Uber Safety Review Cites Flawed Technology in Pedestrian Vehicle Accident

Driver's hand holding phone showing navigation software near the dashboard

Software to Blame for Uber Vehicle Accident That Killed Pedestrian, According to Company

Uber Technologies Inc. recently conducted a safety review into a car accident involving a self-driving vehicle that killed a pedestrian, according to an article in Reuters. The company has been at the forefront of much news reporting concerning pedestrian-motor vehicle accidents and the dangers of automated vehicle technology after an Uber car collided with a pedestrian in March and caused fatal injuries. After the crash, Uber “retained a former top U.S. transportation official to advise it on safety,” according to the article, but the company has “declined to comment on a technology website’s report that a software flaw was responsible for the accident.”

Many residents of New York, Philadelphia, and other major urban areas who rely on Uber and other ride-sharing apps to get around have concerns about self-driving cars, or automated vehicle technology. While engineers and auto safety experts insist that self-driving vehicles could potentially reduce the rate of serious and fatal auto accident injuries and crashes because they omit the risk of human error—which is responsible for many car accidents and pedestrian-motor vehicle accidents—the technology does not seem to be completely ready to go. The suggestion that the self-driving car’s technology had a software flaw will likely make it more difficult for the company to convince drivers that the technology is safe. If you or a loved one has been involved in a pedestrian accident, it is important to contact a pedestrian accident lawyer to discuss your case.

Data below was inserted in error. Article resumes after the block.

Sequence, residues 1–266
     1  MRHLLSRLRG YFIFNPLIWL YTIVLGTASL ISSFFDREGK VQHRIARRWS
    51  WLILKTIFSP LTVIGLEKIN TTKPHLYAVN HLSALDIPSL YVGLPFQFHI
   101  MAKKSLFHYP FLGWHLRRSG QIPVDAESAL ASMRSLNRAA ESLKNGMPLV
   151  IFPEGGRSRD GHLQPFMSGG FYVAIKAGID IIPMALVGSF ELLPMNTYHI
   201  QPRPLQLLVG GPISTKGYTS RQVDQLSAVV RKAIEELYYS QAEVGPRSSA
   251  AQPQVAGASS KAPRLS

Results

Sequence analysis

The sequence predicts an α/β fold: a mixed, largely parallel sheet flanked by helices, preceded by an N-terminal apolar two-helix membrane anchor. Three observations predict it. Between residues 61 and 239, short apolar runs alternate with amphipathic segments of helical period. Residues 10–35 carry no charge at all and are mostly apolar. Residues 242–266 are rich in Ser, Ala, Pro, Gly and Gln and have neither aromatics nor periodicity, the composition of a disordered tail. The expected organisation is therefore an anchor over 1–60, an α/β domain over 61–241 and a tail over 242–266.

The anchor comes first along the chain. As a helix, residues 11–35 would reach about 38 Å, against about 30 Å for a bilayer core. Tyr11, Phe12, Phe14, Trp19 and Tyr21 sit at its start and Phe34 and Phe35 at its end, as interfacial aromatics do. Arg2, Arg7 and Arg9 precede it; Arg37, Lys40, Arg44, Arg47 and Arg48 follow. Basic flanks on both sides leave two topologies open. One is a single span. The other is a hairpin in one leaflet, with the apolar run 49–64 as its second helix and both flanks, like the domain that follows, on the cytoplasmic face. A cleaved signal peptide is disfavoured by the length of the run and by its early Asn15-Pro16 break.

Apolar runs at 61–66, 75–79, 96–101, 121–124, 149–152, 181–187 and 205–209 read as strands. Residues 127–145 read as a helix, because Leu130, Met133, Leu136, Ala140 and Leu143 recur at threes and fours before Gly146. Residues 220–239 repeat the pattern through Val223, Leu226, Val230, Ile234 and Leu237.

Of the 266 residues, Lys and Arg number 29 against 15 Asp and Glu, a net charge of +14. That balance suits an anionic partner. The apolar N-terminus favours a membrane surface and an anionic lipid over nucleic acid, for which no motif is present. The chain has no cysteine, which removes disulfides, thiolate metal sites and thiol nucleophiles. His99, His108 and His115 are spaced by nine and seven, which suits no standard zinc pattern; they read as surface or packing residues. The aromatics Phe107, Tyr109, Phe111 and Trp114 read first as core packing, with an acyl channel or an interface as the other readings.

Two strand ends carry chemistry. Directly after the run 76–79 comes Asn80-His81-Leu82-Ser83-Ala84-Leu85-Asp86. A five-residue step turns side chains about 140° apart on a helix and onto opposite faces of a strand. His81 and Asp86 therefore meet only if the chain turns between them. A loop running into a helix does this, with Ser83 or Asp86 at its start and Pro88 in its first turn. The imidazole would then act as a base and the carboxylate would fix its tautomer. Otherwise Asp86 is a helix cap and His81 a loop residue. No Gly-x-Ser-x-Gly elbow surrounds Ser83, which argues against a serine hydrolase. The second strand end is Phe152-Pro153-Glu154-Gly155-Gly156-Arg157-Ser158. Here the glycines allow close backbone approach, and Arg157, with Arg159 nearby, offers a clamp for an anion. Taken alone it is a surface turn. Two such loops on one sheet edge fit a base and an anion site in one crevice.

According to the article, the police released a video of the pedestrian-vehicle accident, and “the Uber vehicle appeared not to brake before it struck the woman.” A human driver had been sitting behind the wheel to ensure that the technology functioned properly, but the video shows that human driver “looking down and not at the road.” Just before the collision, “the driver looked upward toward the road and suddenly looked shocked.”

The article suggests that the Uber software might have detected a false positive or a false negative. In other words, according to Bryant Walker Smith, a University of South Carolina law professor, “software might have detected something but misclassified as something other than a human.”

Tips for Safe Driving and Avoiding Car Crashes and Pedestrian Vehicle Accidents

Whether automated technology will make its way into mainstream driving remains to be seen. For now, human drivers are in charge. As drivers, please remember to pay attention to the following tips for avoiding auto accident injuries and collisions with pedestrians provided by EHS Today:

  • Enter into traffic slowly, and always look in your mirrors and your blind spots;
  • Look in both directions at an intersection before you make a right-hand turn;
  • Always be aware of other drivers running red lights, and wait at least three seconds before moving forward when a light turns green;
  • Always keep at least one of your hands on the steering wheel, and avoid other physical distractions;
  • Keep an eye out for children on foot and on bicycles, and pay attention to pedestrians and crosswalks more generally;
  • Look ahead and scan traffic that is about 12 seconds ahead of you;
  • Always looking behind you when you back out and do not depend on your mirrors alone;
  • Never tailgate other drivers, and leave at least a three-second space between your vehicle and the one in front of you; and
  • Be courteous to other motorists on the road.

Were you injured in a motor vehicle crash? An experienced pedestrian accident lawyer can help with your case.

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